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Summary: John the Baptist wasn’t sure if Jesus was the one he was to be expecting. Sometimes, our expectations don’t come true either, especially at Christmas.

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Matthew 11:1-11: GREAT EXPECTATIONS, AND RECOGNIZING THE MIRACULOUS

“Why do I feel depressed right now, when I’m supposed to feel happy?” “Why do I feel frustrated right now, when I’m supposed to feel joyful?” “This isn’t the way it was supposed to be. This isn’t what I was expecting.” What kind of person am I describing? It could be someone who is having a difficult time as they go through the Christmas season. But this morning, I’m describing to you someone that might surprise you. I’m describing John the Baptist.

What, you might ask. I thought he was one of that strong, faithful prophet that was sent before Jesus to get people ready for the arrival of the Christ. He was the forerunner, the baptizer. How could he say to himself that he’s depressed or confused or frustrated? How could that be?

This morning, we’re going to see how that could be. Even though John the Baptist was the greatest of all the prophets to come before Jesus, he had some moments of doubt and depression and frustration. And in a way, that’s good news for you. He was a human being, just like you. Don’t you have moments of depression, moments of doubt, and frustration? It happens, even to Christians. It happens, especially during the month of December. I read an article the other day that described how the months of December and January have the highest occurrences of heart attacks, depression, suicide attempts, domestic disputes – all those things happen, even among Christians. Why? I thought this was the month when we were supposed to be the most peaceful and joyful! Let’s look at what John the Baptist was struggling with, and as we do, we’ll learn a little bit about ourselves, and where we can find comfort and hope, especially during those times when we are having difficult moments.

We meet John the Baptist this morning in prison. Last week, we saw him freely preaching in the desert around the Jordan River and baptizing people. While he was out there, he didn’t hold anything back. He called sin, sin. And one of the sins he spoke against was the sin of adultery. King Herod, at that time, had committed that sin – he had stolen his brother’s wife. And John was outspoken about that. He told the people that Herod and his new wife were sinners. Herod’s new wife didn’t like that. And so, Herod had John the Baptist arrested and thrown into prison. His ministry at the Jordan River was over.

And as John sat in that cold, damp, musty, dirty prison cell, he probably had a lot of time to think. And he probably had some expectations too. We don’t know exactly what he was expecting, but he may have thought to himself, “I won’t be in this prison for long. After all, I’m the forerunner of the Messiah. God will get me out of here in no time.” Or maybe he thought to himself, “Now that Jesus is preaching, he’ll put everyone in their place – he’ll judge King Herod, he’ll judge those Pharisees and Sadducees. Finally, justice will be served, because the Messiah is here, and he’s going to lay down the law.” Perhaps those were some of John’s expectations.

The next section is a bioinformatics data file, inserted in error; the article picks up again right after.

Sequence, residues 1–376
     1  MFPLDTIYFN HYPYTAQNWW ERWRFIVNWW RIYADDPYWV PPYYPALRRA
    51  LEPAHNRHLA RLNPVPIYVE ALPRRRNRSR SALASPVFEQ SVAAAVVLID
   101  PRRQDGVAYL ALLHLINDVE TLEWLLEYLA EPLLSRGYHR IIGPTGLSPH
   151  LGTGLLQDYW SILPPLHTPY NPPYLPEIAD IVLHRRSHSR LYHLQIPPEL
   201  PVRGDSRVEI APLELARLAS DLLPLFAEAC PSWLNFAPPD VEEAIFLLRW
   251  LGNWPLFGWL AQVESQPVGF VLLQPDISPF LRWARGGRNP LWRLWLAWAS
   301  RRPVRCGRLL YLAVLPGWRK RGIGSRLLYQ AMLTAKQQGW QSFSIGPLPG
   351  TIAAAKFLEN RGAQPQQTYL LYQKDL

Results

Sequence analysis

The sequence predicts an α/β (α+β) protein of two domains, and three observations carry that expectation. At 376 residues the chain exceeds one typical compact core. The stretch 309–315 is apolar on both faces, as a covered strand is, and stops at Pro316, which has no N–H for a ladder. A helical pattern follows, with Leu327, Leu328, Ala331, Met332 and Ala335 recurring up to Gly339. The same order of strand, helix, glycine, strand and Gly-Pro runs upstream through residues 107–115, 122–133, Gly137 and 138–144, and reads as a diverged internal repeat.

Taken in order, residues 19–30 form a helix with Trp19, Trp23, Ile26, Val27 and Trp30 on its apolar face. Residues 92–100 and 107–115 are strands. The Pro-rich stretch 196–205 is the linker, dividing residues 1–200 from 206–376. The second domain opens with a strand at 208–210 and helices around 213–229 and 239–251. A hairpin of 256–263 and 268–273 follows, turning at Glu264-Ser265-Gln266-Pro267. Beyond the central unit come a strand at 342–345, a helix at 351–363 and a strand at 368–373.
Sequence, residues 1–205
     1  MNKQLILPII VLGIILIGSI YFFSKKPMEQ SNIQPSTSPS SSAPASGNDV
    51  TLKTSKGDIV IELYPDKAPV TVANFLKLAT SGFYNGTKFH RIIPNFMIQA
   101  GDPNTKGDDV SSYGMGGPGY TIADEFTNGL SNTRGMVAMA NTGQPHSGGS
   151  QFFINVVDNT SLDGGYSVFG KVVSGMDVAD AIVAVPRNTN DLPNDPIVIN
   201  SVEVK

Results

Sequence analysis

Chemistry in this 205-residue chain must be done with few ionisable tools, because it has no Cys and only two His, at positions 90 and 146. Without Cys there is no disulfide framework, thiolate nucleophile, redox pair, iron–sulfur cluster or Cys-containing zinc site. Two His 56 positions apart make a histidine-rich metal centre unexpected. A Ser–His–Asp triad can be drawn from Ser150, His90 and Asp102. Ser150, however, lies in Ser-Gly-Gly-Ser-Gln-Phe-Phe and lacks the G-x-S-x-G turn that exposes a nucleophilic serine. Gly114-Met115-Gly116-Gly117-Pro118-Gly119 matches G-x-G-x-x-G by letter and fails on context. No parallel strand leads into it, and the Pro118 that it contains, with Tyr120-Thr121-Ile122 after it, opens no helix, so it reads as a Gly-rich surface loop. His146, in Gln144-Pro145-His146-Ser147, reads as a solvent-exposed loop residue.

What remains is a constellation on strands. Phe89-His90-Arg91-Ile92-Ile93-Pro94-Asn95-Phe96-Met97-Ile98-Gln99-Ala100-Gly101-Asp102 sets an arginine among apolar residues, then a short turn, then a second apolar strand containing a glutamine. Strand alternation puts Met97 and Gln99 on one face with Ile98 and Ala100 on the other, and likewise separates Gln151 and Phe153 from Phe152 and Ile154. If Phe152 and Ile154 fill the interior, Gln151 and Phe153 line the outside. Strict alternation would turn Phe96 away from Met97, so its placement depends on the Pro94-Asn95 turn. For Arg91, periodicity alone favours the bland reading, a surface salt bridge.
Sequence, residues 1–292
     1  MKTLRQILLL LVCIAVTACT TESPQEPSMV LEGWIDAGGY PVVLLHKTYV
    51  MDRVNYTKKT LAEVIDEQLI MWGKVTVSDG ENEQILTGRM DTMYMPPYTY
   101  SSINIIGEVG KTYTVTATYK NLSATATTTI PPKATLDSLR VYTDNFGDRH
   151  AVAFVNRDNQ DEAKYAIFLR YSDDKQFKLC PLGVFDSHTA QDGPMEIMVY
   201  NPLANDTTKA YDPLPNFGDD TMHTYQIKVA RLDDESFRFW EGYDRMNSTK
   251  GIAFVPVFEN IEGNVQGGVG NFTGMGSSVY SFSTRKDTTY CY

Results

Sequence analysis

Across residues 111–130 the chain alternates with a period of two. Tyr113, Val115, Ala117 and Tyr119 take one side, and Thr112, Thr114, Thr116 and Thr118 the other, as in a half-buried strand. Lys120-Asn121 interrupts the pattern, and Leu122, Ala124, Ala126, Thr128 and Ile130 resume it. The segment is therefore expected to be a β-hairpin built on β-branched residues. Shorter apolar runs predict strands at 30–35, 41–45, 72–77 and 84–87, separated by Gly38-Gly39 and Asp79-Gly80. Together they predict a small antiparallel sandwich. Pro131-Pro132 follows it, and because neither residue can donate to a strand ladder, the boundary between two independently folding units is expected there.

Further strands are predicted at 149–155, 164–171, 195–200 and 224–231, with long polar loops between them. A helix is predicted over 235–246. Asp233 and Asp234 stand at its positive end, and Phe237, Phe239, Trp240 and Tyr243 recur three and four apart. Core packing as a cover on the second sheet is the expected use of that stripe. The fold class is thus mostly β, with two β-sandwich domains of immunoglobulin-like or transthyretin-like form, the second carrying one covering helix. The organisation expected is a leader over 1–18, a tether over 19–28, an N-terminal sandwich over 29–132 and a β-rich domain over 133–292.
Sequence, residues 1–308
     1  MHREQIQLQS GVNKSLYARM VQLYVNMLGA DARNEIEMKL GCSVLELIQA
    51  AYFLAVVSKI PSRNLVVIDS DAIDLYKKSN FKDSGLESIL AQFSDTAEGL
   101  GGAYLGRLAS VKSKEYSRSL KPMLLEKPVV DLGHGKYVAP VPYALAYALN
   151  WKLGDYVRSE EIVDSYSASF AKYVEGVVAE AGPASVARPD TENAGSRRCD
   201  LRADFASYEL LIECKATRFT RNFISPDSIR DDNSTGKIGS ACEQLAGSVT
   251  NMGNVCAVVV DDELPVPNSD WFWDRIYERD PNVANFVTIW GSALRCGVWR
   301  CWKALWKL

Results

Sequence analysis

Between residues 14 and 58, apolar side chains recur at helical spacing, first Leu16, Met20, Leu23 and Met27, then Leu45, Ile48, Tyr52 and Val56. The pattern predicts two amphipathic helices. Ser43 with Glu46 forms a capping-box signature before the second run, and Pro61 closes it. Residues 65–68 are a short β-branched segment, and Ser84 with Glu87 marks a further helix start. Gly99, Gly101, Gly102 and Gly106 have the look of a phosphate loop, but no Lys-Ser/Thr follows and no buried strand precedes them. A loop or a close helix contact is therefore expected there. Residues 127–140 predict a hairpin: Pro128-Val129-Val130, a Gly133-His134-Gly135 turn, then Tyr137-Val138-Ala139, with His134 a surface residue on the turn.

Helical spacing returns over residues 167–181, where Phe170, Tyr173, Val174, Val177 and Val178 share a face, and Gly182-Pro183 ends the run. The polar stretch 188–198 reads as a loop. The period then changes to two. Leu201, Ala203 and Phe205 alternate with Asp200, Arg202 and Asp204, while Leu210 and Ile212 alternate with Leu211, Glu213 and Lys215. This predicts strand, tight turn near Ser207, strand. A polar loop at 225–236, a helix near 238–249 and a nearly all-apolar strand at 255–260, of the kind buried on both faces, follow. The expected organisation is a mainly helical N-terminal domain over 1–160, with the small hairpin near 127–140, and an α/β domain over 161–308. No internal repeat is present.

But as he sat there in that prison cell, it became clear to him that those things weren’t happening. Some of his friends came to the prison and reported to him what Jesus was doing. Jesus wasn’t going town to town, carrying out justice, and putting everyone in their place. Instead, he was preaching about peace, and loving your neighbor, and not judging, and that the kingdom of heaven had come, and that the forgiveness of sins had come. “This isn’t what I was expecting,” John may have said to himself. And as John thought about these things, perhaps he started to feel a little depressed. “I put forth all that work in the desert, and now I’m sitting in this prison, and the Christ isn’t doing what I thought he would be doing.” Perhaps John felt a little frustrated, maybe even betrayed by God, because things weren’t turning out like he had expected. “God, I did everything I was supposed to do, and now I’m in prison and I feel depressed.” And so finally, John sent some of his friends to Jesus to ask the question, “Are you the one who was to come, or should we expect someone else?”

I wonder if people sometimes feel this way during the weeks leading up to Christmas. “I have all these expectations of being filled with joy, and being merry. But instead, I feel a little depressed, and frustrated, maybe even a little betrayed. God, I’m doing everything I’m supposed to do for Christmas.” There’s a lot of pressure there, isn’t there. The pressure is on, for you to get the decorations up, for you to get all the gifts you’re supposed to get, for you to get everything ready for the family gathering. And on top of that, you’re supposed to have a job and take care of your family. You’re doing the best you can. You even have a manger scene out this year – the little baby Jesus is all over your house – but you’re not feeling it. Where is that joy that I’m supposed to feel right now? The Christmas carols are playing on the radio, but instead of feeling glad, I feel a little blue. Is this it? Is this Christmas? Or, am I supposed to expect something else?

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